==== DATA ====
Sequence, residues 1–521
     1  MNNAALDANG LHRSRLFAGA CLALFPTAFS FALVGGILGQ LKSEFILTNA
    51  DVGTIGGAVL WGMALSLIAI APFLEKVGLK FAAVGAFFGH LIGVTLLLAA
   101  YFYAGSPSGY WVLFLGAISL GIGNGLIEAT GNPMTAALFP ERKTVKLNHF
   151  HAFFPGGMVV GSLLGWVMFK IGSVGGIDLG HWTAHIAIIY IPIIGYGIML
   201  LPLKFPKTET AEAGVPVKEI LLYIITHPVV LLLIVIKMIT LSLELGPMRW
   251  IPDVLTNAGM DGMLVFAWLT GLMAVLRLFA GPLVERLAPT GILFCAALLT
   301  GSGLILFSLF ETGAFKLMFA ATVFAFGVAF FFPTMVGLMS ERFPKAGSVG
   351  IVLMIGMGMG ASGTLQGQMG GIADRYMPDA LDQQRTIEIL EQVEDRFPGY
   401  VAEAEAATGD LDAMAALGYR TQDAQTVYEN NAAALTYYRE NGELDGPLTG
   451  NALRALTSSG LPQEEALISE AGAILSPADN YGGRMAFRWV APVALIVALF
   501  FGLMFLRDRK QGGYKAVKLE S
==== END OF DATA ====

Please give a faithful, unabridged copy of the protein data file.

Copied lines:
Sequence, residues 1–521
     1  MNNAALDANG LHRSRLFAGA CLALFPTAFS FALVGGILGQ LKSEFILTNA
    51  DVGTIGGAVL WGMALSLIAI APFLEKVGLK FAAVGAFFGH LIGVTLLLAA
   101  YFYAGSPSGY WVLFLGAISL GIGNGLIEAT GNPMTAALFP ERKTVKLNHF
   151  HAFFPGGMVV GSLLGWVMFK IGSVGGIDLG HWTAHIAIIY IPIIGYGIML
   201  LPLKFPKTET AEAGVPVKEI LLYIITHPVV LLLIVIKMIT LSLELGPMRW
   251  IPDVLTNAGM DGMLVFAWLT GLMAVLRLFA GPLVERLAPT GILFCAALLT
   301  GSGLILFSLF ETGAFKLMFA ATVFAFGVAF FFPTMVGLMS ERFPKAGSVG
   351  IVLMIGMGMG ASGTLQGQMG GIADRYMPDA LDQQRTIEIL EQVEDRFPGY
   401  VAEAEAATGD LDAMAALGYR TQDAQTVYEN NAAALTYYRE NGELDGPLTG
   451  NALRALTSSG LPQEEALISE AGAILSPADN YGGRMAFRWV APVALIVALF
   501  FGLMFLRDRK QGGYKAVKLE S